Before Christmas break, our “readers” were introduced to the Literature Circle Bulletin Board, which includes model role sheets and a procedural pocket chart. Throughout the six weeks of Literature Circles, our readers will be expected to utilize this board, in order to navigate through their mystery novel groups.
After being introduced to the bulletin board, our readers met with their Literature Circle groups to begin their first reading and writing assignment. Check out some of the first meetings below!
This past week, our readers delved into the non-fiction story titled, “Lewis and Clark.”
As a way to prepare for our upcoming Research Writing Unit, our readers were introduced to the skills of summarizing and paraphrasing. With the use of the “Lewis and Clark” text, our readers were able to practice these skills!
Below you will find pictures of your students engaged in an online assessment that allowed them to further practice the skills of summarizing and paraphrasing.
As a way to wrap up our unit on Plants, the students participated in a Chalk Talk. What is Chalk Talk you ask? It is a silent activity that allows each student to recall and write one concept they LEARNED from the plant unit. Check out below, all that the students have learned about plants!
Last week, our readers were introduced to the mystery genre. As a way to get the students thinking about mysteries, each student brainstormed elements of a mystery and shared out their thoughts with the class.
Once students understood the components of the mystery genre, they were introduced to five mystery novels. After listening to a brief book talk on each novel, students ranked the novels based on choice. Using the rankings, students were placed in Literature Circle groups.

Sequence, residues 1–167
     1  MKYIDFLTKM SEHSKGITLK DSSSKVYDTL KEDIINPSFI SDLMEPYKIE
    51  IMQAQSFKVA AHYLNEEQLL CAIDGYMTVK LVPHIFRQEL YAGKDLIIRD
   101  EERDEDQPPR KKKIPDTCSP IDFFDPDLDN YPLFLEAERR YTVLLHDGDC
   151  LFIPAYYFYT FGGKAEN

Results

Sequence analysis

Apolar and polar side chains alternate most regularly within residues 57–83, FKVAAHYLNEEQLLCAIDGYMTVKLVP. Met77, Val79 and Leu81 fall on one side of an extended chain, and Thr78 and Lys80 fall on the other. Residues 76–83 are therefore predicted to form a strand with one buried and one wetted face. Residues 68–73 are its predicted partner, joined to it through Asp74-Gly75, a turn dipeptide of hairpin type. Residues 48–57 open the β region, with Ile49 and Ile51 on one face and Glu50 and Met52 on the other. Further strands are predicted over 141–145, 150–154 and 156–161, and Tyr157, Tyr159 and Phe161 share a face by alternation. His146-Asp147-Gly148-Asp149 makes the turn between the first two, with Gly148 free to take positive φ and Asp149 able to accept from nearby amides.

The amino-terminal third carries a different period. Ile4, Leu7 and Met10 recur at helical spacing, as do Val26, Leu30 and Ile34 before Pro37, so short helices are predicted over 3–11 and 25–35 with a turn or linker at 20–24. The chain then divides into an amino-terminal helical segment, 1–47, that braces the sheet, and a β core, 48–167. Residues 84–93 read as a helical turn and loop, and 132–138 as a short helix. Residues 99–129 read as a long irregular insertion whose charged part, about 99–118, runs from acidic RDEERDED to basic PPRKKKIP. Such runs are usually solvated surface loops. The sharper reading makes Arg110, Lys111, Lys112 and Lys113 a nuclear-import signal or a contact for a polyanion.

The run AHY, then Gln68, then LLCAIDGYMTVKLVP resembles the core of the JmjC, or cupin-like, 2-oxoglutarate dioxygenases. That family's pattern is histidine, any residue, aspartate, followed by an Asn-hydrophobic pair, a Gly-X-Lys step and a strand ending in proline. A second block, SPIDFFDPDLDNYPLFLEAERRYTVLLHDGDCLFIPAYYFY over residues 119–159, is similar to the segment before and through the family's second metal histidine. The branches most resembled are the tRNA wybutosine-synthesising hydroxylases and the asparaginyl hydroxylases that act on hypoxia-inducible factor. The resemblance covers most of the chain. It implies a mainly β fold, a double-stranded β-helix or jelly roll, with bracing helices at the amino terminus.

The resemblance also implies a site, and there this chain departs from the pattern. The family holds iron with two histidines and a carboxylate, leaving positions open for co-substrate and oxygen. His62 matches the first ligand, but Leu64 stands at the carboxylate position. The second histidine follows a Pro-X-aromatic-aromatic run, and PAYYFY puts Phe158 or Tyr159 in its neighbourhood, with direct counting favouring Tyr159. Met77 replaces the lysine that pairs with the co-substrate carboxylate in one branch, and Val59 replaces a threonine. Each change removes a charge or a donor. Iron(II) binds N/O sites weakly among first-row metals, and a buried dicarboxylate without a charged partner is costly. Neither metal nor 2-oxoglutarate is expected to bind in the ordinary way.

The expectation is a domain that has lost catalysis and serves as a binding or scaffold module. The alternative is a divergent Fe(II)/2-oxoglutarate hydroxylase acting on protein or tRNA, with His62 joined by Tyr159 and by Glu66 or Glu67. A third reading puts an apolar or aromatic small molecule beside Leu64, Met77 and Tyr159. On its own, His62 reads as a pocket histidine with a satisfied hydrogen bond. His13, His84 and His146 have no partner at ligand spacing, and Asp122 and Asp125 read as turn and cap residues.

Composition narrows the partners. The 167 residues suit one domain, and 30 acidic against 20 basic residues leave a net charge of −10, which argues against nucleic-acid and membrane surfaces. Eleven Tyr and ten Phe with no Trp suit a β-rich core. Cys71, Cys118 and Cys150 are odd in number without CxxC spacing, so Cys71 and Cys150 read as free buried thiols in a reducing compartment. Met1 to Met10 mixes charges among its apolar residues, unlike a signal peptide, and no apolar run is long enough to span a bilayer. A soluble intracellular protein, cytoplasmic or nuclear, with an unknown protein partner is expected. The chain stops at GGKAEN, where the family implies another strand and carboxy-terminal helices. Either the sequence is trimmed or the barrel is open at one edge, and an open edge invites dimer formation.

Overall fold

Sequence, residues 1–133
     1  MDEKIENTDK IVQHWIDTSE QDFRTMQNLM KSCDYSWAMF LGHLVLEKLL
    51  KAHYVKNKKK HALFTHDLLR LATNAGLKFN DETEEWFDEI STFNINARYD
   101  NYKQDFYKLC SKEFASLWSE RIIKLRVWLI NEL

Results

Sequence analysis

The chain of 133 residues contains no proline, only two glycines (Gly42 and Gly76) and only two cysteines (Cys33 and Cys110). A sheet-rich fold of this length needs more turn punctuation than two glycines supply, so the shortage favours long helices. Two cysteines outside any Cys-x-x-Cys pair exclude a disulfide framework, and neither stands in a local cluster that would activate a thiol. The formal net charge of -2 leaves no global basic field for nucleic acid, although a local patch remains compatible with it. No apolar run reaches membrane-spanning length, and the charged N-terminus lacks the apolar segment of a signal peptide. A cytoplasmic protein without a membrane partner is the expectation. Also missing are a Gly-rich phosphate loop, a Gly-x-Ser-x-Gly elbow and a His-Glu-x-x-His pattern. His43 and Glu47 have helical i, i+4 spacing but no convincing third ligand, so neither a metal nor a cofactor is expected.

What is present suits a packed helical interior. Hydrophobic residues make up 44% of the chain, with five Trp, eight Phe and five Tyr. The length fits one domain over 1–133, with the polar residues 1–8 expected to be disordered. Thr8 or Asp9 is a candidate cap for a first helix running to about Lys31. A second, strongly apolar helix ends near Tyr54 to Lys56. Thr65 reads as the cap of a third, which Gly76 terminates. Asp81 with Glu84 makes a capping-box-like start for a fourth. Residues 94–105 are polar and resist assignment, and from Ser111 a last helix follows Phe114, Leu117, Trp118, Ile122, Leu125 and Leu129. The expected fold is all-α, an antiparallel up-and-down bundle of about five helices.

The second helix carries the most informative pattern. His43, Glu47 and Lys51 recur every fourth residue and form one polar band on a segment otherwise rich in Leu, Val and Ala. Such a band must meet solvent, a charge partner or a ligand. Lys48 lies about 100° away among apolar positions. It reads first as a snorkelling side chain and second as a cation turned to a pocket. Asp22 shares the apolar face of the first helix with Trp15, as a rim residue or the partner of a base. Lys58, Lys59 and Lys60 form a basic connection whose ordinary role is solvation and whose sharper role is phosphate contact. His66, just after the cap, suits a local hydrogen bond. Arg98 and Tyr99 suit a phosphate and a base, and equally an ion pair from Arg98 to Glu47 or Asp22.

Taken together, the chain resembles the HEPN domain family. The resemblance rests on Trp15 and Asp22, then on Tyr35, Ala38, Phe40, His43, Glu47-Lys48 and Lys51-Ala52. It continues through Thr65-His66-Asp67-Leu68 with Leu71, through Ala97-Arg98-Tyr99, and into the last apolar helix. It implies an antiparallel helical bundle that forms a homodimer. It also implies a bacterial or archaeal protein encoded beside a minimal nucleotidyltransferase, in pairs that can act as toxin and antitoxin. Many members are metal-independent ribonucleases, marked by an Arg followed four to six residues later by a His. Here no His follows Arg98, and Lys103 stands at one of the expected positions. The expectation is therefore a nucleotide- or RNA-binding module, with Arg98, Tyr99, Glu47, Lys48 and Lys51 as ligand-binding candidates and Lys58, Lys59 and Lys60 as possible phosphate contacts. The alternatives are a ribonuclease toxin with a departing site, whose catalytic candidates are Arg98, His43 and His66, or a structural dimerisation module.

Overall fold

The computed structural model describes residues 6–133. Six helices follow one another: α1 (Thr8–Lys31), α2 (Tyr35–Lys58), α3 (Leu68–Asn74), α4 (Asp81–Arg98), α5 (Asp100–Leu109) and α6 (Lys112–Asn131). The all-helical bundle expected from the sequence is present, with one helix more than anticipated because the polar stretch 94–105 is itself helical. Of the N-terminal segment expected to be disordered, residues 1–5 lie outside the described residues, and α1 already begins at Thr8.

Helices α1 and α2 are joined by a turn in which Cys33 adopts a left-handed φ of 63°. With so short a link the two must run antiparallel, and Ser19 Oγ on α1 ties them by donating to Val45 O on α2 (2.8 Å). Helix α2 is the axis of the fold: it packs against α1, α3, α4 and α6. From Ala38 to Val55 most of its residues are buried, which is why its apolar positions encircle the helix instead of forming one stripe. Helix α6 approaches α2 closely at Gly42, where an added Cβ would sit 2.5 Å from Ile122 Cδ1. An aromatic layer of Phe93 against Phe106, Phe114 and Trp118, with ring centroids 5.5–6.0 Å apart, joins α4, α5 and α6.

Stay tuned as the fifth grade begins their six week journey through the mystery genre!
To kick off a series of mini-lessons on personal narratives, the students listened to the picture book, Shortcuts, by Donald Crews, read aloud. After the read aloud, the students worked as a class to develop a detailed definition of a personal narrative. Once students had a deep understanding as to what a personal narrative was, our writers began a two day journey through the pre-writing stage of the writing process.
The first day involved reading a personal narrative with a partner and recording information regarding the experience described in the book. All the students then came together as a class and created a list of personal experiences based on the books they read.
The second day allowed the students to hone in on one personal experience they encountered, and begin to think about how they could stretch that memory into a personal narrative. To help students understand how an author takes one moment and stretches it into a book, I read aloud the picture book, Roller Coaster, by Marla Frazee. This read aloud showed students that through the use of figurative language, the five senses, character’s actions, and descriptive detail, one single moment can be stretched into a well-written story.
Check in with your child this week as they begin to draft their personal narratives!
After working through our Bean Plant Lab and learning about the life cyle of a bean plant, the students diagramed their own version of the plant life cycle. Check out some of the diagrams below.